Amy Winehouse looked a bit like a gap-toothed Dita Von Teese in 2004, before the tattoos, tabloids and addictions got the best of her. But that’s not when Chanel demigod Karl Lagerfeld dubbed her “the new Brigitte Bardot.” He praised her ’60s-stray-sex-kitten look in 2007, sending a collection of flouncy dresses and beehives down a runway at a London show.

She embodied real-life heroin chic, and Lagerfeld wrongly glamorized that. But the fashion industry is fickle. While it forgives addiction, if the avant-garde turns to “enfant terrible,” designers dump muses like players do in Winehouse’s early hit “F*** Me Pumps.”

In death, fashion loves Amy again.

Like other members of rock’s cursed 27 club (Cobain, Joplin, Morrison), dying at 27 transforms her into an icon in both music and fashion. She’ll thrive in celebrity lore, avoiding the relative anonymity in which Lauryn Hill and Fiona Apple live in years after they won Grammys. Amy’s fans will memorialize her 20-some tracks and mimic her fashion senselessness, too.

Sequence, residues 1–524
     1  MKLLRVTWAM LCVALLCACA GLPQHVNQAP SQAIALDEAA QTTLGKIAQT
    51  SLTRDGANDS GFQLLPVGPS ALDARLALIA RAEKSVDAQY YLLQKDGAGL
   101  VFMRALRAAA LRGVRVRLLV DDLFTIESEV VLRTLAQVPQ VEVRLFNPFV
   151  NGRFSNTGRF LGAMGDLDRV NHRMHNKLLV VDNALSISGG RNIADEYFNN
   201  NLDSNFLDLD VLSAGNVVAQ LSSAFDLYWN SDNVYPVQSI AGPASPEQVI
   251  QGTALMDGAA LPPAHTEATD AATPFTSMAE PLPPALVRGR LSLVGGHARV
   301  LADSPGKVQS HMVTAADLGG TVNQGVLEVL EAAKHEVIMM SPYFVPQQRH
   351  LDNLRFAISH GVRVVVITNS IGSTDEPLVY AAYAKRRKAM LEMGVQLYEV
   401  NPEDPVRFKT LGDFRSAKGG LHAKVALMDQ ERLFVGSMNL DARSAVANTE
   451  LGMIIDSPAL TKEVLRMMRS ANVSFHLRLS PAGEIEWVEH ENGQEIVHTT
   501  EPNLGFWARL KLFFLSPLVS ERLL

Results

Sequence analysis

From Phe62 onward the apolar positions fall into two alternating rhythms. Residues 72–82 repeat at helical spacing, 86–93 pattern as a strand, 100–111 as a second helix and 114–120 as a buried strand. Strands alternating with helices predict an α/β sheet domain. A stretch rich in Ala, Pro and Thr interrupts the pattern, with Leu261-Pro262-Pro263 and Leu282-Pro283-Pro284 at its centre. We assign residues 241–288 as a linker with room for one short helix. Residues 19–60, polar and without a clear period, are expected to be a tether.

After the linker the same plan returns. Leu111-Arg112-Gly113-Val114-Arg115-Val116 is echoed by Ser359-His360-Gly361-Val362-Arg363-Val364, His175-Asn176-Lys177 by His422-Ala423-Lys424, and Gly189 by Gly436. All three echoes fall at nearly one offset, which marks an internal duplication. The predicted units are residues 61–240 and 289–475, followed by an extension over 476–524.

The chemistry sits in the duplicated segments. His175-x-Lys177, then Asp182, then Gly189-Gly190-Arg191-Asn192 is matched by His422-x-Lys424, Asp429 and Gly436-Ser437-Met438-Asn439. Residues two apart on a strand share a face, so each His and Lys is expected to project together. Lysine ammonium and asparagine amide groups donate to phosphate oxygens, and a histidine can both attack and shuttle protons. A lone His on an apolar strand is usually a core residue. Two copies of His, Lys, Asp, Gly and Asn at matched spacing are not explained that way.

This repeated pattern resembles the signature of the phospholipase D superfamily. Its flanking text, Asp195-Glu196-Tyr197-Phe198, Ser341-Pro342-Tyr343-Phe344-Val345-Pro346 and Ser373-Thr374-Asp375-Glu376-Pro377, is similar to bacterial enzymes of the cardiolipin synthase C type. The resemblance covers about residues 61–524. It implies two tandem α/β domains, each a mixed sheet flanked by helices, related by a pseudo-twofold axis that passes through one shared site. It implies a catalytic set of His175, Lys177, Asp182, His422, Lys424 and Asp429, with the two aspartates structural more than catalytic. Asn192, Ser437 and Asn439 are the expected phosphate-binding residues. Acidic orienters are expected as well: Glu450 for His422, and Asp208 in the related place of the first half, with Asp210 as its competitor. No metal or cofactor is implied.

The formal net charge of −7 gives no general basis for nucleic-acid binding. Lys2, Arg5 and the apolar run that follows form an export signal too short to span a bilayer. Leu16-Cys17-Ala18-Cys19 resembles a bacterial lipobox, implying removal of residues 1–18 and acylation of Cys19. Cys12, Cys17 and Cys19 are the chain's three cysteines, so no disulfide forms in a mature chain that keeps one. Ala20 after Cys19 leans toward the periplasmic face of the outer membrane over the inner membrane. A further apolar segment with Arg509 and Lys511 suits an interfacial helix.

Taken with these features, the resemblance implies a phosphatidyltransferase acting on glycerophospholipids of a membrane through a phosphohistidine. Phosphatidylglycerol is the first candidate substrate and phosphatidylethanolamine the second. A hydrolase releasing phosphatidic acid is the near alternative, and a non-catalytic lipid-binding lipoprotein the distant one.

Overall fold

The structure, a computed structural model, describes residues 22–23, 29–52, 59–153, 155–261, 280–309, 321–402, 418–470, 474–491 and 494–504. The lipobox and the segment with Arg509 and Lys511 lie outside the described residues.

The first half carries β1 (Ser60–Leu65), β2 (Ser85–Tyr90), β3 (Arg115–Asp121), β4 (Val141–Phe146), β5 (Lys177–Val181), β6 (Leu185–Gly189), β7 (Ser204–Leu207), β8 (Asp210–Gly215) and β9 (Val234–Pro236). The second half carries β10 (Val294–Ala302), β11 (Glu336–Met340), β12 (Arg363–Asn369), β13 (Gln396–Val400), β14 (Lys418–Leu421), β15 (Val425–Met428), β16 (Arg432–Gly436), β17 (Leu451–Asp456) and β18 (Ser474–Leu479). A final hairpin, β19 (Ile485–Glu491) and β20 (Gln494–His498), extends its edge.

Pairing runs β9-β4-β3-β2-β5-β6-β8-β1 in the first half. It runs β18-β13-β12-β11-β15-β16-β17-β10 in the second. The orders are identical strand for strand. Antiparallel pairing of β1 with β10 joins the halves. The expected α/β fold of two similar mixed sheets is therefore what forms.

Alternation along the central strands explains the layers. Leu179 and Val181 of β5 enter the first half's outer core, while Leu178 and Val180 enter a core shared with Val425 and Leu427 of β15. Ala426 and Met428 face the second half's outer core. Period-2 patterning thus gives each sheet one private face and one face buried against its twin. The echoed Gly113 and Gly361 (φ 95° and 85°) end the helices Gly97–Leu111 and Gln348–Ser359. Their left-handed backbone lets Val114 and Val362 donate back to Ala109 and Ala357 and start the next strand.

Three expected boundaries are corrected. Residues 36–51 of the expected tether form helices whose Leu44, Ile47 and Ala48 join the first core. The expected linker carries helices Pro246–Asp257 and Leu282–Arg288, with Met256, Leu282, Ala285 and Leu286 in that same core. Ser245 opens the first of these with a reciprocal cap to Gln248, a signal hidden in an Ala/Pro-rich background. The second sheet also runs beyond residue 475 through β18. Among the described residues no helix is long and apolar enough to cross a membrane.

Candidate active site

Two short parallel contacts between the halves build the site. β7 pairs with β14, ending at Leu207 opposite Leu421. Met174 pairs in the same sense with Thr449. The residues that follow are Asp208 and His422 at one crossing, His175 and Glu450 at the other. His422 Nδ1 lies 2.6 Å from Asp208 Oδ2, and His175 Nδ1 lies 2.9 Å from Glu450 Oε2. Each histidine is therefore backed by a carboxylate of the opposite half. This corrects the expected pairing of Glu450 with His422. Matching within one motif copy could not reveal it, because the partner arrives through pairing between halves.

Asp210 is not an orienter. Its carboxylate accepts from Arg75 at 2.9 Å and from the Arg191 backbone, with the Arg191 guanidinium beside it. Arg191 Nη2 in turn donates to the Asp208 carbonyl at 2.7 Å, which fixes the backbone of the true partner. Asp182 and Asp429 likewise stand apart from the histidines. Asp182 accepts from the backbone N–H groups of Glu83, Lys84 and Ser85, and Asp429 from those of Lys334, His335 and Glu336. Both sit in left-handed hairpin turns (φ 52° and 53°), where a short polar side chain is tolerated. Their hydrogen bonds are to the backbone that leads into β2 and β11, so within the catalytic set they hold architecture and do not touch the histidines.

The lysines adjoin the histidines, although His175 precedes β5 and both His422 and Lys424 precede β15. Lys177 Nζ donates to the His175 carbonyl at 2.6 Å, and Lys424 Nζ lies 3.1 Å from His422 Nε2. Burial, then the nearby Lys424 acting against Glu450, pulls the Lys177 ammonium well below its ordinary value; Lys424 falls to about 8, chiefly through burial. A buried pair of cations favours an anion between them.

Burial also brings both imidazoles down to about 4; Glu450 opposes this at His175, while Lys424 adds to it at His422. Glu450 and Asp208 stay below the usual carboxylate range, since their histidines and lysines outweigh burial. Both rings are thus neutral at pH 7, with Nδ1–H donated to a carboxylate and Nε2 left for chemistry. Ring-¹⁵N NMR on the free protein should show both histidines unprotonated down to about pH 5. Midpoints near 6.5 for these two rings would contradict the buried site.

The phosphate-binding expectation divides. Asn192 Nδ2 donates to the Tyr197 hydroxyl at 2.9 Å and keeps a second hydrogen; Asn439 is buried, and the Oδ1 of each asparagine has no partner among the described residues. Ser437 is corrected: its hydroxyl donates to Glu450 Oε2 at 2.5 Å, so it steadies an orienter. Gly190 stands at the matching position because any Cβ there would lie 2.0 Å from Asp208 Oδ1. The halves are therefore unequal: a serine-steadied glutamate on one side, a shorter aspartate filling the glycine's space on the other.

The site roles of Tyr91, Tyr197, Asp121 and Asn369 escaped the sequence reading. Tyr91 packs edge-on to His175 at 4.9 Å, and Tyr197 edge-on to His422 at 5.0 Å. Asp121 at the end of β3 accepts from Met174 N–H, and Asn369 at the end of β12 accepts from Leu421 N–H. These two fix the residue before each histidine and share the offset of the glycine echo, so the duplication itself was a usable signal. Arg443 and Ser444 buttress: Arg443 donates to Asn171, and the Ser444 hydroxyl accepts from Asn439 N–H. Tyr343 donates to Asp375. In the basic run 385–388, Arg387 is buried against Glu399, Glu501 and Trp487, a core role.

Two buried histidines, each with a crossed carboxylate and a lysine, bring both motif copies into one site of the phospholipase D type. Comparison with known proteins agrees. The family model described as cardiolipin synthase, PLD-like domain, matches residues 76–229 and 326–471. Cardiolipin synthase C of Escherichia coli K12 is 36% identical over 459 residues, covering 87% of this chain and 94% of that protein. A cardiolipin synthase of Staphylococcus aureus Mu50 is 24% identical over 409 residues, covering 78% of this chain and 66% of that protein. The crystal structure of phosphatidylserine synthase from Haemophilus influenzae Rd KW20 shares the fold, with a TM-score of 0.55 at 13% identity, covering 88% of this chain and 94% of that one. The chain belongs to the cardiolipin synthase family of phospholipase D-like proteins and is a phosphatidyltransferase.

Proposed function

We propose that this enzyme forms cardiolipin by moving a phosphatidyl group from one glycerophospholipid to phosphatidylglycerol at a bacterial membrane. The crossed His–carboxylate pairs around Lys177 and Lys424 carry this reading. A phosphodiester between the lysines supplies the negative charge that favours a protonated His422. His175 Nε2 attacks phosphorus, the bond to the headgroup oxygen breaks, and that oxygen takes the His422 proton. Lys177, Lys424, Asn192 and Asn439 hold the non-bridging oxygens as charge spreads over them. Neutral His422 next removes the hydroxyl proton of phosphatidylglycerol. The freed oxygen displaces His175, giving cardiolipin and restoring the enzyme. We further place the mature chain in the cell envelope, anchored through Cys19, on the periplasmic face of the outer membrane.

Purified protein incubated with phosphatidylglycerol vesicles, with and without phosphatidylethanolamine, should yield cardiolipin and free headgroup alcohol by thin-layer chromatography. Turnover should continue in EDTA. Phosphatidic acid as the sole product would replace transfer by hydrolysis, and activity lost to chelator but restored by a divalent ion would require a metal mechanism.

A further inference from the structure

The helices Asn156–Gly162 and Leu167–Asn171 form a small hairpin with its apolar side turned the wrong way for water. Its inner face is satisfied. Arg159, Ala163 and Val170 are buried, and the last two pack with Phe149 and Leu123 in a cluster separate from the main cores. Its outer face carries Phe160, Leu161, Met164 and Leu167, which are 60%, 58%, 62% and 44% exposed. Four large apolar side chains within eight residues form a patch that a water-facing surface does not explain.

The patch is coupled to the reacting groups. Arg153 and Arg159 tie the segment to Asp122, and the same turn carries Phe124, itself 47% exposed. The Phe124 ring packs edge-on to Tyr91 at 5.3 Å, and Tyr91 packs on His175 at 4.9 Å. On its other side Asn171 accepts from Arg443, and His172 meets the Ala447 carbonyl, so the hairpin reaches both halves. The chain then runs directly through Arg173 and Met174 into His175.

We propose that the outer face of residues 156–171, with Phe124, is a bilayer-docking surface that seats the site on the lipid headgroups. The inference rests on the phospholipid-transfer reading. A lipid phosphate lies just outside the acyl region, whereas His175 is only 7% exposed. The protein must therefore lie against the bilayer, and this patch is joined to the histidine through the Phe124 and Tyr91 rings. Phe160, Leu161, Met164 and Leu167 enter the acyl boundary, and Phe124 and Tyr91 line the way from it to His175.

Decades from now, girls will talk about Amy as we do Janis. Designers will cite her “genius.” The beehive will be Amy’s trademark, not Brigitte’s.

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